Treated like garbage: Lesser known consequences of mining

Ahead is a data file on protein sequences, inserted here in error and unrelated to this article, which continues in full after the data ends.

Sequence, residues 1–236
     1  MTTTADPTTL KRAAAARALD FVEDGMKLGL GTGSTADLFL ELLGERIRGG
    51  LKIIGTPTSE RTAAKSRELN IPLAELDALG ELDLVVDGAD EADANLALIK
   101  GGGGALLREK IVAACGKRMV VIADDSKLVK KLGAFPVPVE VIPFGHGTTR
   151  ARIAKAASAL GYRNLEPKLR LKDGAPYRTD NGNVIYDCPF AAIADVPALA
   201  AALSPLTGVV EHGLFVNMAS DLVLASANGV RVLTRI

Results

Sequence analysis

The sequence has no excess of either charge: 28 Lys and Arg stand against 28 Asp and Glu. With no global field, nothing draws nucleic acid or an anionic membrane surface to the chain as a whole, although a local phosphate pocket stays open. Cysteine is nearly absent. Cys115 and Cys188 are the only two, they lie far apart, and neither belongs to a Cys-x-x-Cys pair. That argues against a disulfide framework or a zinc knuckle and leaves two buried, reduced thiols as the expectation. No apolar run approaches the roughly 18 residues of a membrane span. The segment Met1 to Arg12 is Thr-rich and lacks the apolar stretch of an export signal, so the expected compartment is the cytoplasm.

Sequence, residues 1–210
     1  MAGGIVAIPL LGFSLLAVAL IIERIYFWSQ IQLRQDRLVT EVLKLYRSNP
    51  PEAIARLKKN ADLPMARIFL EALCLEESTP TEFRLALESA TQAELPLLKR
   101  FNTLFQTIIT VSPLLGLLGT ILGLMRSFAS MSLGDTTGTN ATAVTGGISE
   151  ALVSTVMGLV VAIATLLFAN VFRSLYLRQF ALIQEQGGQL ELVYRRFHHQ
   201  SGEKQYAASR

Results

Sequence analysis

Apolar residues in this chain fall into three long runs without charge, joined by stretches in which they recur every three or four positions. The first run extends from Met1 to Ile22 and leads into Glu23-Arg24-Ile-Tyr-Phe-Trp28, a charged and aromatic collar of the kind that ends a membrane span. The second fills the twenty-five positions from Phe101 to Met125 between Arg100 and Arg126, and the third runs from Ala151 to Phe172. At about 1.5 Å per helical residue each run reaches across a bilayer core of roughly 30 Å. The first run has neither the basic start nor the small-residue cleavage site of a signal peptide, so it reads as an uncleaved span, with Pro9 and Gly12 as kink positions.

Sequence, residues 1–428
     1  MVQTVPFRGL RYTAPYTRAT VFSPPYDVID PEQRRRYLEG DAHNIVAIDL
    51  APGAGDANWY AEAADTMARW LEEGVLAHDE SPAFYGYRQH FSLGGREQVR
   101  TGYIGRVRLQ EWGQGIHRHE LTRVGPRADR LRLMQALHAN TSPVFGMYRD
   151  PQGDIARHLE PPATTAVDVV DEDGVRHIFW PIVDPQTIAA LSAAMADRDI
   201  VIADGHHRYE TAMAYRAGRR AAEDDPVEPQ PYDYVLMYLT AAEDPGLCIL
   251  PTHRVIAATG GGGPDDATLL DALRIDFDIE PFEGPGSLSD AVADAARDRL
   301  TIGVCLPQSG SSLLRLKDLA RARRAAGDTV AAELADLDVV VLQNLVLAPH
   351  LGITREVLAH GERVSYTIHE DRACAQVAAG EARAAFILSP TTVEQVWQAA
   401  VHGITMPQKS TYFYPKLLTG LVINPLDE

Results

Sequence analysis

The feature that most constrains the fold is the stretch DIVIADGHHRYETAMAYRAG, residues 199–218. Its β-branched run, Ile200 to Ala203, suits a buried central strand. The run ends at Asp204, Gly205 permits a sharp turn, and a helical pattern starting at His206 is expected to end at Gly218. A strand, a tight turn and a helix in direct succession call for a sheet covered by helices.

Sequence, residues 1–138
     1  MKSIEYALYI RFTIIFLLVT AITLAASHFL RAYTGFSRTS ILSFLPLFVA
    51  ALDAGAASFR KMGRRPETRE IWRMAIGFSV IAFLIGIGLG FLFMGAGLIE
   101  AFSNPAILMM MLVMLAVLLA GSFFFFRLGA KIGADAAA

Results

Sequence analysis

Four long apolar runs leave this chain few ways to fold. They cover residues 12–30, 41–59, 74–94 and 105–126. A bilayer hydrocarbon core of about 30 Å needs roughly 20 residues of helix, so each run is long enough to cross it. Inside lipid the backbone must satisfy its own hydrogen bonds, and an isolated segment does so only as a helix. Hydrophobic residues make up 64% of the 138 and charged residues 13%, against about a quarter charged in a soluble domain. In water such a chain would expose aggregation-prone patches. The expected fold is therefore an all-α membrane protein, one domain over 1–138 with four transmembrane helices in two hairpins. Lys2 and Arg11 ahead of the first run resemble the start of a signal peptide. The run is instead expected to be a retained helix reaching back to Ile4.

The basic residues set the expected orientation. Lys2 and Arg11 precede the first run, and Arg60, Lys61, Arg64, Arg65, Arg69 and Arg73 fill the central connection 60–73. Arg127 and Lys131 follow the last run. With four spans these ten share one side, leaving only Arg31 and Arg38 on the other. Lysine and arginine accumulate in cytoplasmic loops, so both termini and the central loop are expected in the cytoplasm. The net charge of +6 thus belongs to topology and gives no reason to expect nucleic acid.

The East Parej open coal mine in Ramgarh district, Jharkhand has left the landscape scarred and ravaged after nearly a decade of mining activities. The communities displaced by the mines and those on the borders of it, live out their days in a cloud of soot. Community Correspondent Basanti Soren’s village, Lopongtandi is a kilometre away from these mines. As if that wasn’t enough to deal with, since the past few years a neighbouring housing colony for those working in the mines has added to the tensions of the tribal farming community. She reports today, with the hope that her video will be able to talk to authorities and bring some much needed relief. There are around 2500-3000 people living in the Prem Nagar Housing Society adjoining Basanti’s village. They range from clerks and drivers to higher management working for the mine, all neatly categorised into the blocks that divide the colony up. The order comes at the cost of chaos for others. The sewers of the colony are directed on to the fields of Lopongtandi and throw out plastic, glass and other hazardous materials on to the fields. The glass mixes with the soil, hurting farmers and destroying crops; the plastic gets eaten by the cattle when they are let out to graze.  Of the 230 people who depend on these farms, eight families have borne the brunt of the polluting drains. “On the east is the coal mine and on the west, this colony. My people are the ones who pay the price for this ‘development’. In the past many people have filed complaints and made appeals to solve issues like dipping water tables, pollution, displacement and so on. There has hardly ever been a response to these… So no one has bothered with reporting this new problem. The farmers till now have quietly been cleaning up after the colony but each monsoon the drain floods bringing in torrents of garbage”, explains Basanti. The Parej project was one 24 that was selected for funding from the World Bank to give mining a boost while ensuring that the worst affects of mining were mitigated. An Environmental and Social Mitigation Project was made cross conditional for the funding that included activities like rehabilitation for those displaced, treatment of effluents and community building for all villages in a one kilometre radius. If you find your way to the Central Coalfields Limited’s website and have a look at the grand plans laid out for the World Bank projects, you’d be impressed with the meticulous details in which these schemes have been laid out. But, we now know that the reality is a far cry. After complaints made on behalf of the people by the Chhotanagpur Adivasi Sewa Samiti, the Bank did constitute an inspection panel but never took on board the suggested policy changes. In effect, the Bank has a turned a blind eye to CCL’s violations. I dredge up this history because it shows how much help mining companies have in flouting policies and regulations; that it is made acceptable for them wreak havoc for the sake of development. Just because many of the affected communities cannot read or write, companies think it is OK to not listen to what they have to say. Basanti joined IndiaUnheard to reverse precisely this mentality. For years she saw how people in her community didn’t raise their voices because of they feared being persecuted by the powerful.  She wanted her people to know that they mattered just as much as the rich sahibs. This video was her second as an IU Correspondent. “It isn’t as simple as saying that someone is throwing their garbage in my house. This garbage, their plastic wrappers, their soap boxes, glass bottles and so on are denying my people the ability to grow grains that sustain them for at least 8 months. Are they going to feed us when we go hungry?” Basanti’s otherwise calm voice now betrays a simmering rage. She continues: “A large part of the problem is that we just don’t know our rights. The government wont tell us, the companies wont tell us. Of course not! They are scared that if we know, we’ll take them to task and ask them questions. So the policy papers must remain just those and must be filed away neatly, never to be opened.” The ‘file’ has now been opened. With the video ready, Basanti is now going to take on the administration at the Central Coalfields limited and make sure that they take some action. She has already lined up meetings with the Project Officer; even the General Manager will see this video. "I want to tell CCL company that they should let us tribals live peace. They need to stop destroying the fields, that are our livelihoods, for their own profit. We tribals are also human like them, then why this injustice? Are we like garbage for them?" Basanti asks. And you have to make sure that these questions get answered. Why? Because you’re probably sitting in an air-conditioned room, reading this on a computer or some new fangled piece of technology. And chances are they are all powered by coal from a mine, just like the one ruining the lives of people in Lopongtandi. Call to Action: Please call Mr Naik, the East Parej Project Officer on 08987784309 and ask him to ensure that garbage diposal on the lands of the tribal farmers stops immediately

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